2012 is quite a monumental year for me for a number of reasons. But at the top of that list is voting in my first presidential election. Knowing that this responsibility lays ahead of me, I began researching, learning and understanding the candidates and their platforms. I recorded the debates, I read articles, and I watched the fact checking reports. All this left me more confused than when I began my journey as a first-time voter. To me, the debates seemed plagued with vagueness and an excessive amount of interrupting the moderator. The fact checks that followed the next day inferred that each candidate never completely spoke the truth.
While elections can stir up a lot of disagreements, I think one thing we can all agree on is the lack of attention environmental issues received from both candidates. Or did I miss something? As many media outlets have reported in the last week, this is the first presidential election in decades that we never heard the words “climate change” mentioned together in a debate. Is that because Americans are more worried about the economy, healthcare and foreign policy?
The September-October edition of Audubon magazine takes up this issue in its article “Election 2012 Meltdown, As the World Heats Up, the Candidates Leave Voters Out in the Cold.” The article, written by Bradford Plumer, discusses how the environment is low on the candidates’ agendas because voters seem less concerned with it. “A Gallup poll from 2012, for example, found that Americans’ worries about air and drinking water pollution had fallen to their lowest points in decades.” While voter opinions show that the economy is high priority, the environment should not fall to the wayside. The next person who sits in the Oval Office will have to make many big decisions about environmental issues. Plumer’s article says “Experts from across the political spectrum agree that the next president will face a variety of challenges—deciding whether to expand regulations on carbon dioxide, for instance, or figuring out what to do about the boom in shale-gas fracking.”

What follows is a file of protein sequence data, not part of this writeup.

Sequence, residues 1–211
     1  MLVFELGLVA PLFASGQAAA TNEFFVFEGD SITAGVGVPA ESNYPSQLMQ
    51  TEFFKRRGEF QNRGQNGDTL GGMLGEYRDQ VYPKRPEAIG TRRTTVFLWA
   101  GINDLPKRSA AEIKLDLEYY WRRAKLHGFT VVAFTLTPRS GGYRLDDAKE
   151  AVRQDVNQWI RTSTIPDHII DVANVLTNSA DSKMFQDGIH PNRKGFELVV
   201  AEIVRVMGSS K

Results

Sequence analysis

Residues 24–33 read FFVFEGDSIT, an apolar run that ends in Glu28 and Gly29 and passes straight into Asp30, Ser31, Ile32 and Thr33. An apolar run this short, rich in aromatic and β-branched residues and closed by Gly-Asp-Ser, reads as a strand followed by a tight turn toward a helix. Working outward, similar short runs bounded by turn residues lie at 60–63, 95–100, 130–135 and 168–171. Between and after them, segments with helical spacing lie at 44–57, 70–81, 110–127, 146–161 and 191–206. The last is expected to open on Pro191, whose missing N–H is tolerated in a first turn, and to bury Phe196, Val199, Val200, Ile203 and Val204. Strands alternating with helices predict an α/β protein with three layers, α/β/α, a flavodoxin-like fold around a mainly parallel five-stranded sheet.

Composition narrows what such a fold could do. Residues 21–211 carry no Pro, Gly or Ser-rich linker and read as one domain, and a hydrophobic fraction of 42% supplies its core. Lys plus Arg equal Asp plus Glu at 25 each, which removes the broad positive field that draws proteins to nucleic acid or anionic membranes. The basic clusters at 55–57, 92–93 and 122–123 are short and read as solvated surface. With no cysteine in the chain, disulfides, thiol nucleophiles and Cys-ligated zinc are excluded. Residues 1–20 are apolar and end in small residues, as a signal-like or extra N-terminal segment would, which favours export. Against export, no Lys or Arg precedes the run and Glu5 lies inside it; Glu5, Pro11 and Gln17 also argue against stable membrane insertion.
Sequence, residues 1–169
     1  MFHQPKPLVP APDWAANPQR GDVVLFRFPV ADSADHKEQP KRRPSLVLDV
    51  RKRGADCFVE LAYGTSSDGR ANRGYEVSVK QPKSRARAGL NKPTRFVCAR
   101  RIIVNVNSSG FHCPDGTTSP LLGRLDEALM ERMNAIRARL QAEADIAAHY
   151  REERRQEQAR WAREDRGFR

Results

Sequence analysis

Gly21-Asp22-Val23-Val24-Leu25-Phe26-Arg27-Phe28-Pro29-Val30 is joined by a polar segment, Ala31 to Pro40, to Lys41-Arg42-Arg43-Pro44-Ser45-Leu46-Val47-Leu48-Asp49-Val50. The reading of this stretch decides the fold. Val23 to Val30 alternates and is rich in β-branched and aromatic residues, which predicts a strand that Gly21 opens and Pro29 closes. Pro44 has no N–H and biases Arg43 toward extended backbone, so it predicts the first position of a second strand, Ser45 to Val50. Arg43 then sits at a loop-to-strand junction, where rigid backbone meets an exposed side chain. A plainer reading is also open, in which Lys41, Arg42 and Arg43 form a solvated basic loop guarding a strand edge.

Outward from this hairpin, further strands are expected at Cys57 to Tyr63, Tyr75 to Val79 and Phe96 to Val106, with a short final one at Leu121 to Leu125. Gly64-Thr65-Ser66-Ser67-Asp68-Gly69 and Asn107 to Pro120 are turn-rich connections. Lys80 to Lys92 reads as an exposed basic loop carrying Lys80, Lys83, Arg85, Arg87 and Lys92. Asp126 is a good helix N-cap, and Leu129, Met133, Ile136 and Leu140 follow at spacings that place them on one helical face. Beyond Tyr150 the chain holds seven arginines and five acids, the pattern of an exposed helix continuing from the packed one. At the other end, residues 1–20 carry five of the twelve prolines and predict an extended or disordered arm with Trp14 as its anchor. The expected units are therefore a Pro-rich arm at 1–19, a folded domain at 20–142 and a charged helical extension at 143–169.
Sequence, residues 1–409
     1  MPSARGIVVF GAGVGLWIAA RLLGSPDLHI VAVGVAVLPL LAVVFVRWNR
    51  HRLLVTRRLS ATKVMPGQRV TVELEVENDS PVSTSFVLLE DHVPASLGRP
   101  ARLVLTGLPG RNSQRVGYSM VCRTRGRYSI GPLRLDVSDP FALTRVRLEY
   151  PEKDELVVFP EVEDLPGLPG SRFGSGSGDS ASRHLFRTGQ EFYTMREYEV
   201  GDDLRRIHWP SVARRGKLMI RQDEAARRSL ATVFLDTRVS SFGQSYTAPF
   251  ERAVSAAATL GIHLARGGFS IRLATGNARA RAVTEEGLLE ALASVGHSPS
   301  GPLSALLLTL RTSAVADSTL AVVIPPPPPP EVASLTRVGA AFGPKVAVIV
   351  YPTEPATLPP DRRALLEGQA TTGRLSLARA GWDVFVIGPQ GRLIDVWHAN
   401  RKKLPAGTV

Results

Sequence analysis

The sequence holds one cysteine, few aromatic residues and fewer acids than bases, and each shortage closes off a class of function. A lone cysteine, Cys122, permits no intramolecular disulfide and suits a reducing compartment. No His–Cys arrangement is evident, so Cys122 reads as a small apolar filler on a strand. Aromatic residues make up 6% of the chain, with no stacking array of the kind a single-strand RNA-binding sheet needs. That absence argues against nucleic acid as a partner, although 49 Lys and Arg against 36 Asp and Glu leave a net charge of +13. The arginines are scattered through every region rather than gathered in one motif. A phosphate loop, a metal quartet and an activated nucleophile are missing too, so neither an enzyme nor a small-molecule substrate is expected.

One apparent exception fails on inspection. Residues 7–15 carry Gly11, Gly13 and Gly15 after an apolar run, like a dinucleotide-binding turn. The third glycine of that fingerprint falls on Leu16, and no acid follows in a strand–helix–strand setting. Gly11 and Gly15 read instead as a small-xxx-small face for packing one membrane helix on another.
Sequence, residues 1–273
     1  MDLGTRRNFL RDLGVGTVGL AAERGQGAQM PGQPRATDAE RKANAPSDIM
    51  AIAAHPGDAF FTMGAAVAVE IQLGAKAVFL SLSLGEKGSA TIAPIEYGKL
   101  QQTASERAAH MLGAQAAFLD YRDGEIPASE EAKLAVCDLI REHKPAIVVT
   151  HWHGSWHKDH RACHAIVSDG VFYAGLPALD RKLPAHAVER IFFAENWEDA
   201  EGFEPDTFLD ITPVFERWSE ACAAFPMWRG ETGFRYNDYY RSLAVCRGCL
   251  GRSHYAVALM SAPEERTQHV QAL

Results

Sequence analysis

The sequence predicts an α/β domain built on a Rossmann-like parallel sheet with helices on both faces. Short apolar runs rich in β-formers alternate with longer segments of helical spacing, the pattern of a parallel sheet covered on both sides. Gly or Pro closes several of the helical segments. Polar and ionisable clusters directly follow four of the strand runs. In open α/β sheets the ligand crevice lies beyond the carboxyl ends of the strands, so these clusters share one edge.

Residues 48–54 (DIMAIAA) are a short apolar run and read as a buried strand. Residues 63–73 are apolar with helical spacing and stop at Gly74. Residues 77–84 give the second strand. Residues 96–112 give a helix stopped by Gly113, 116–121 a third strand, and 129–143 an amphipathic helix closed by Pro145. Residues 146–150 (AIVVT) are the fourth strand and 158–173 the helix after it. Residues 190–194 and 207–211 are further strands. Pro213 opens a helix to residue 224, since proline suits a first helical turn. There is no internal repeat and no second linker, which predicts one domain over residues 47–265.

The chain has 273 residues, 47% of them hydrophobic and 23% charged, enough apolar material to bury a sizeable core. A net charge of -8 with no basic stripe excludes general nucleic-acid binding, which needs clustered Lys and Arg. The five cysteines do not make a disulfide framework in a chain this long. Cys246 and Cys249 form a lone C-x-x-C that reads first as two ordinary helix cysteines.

The economy has seemingly taken over the focus of this election, but in many instances economy and environment are intertwined. Tax breaks and stimulus packages have impacted the clean energy industry dramatically over the past couple of years. Plumer’s article cites solar photovoltaic systems have dropped from $7.20/watt in 2007 to $3.47/watt in 2011. Similarly, wind turbine costs have dropped 27 percent from 2008 to 2011. Will this type of funding continue?
Energy, its cost, and its impacts on the environment should all be examined during this election. What are the candidates’ stances on drilling for oil? Plumer’s article states that Romney and Obama support drilling in both the Beaufort and Chukchi seas off the Alaskan coast, but only Romney supports drilling in the Arctic National Wildlife Refuge.
But we all know there are more environmental issues to take the candidates to task. What about fracking, transportation standards and more? I wanted to share this chart from Van Ness Feldman Attorneys at Law because it has been helpful in my campaign research. It shows the major energy issues and where each candidate stands on the issues. If the candidates aren’t going to talk about it, then it is up to us as voters to do some digging.
What resources have you been using to track the environmental platforms?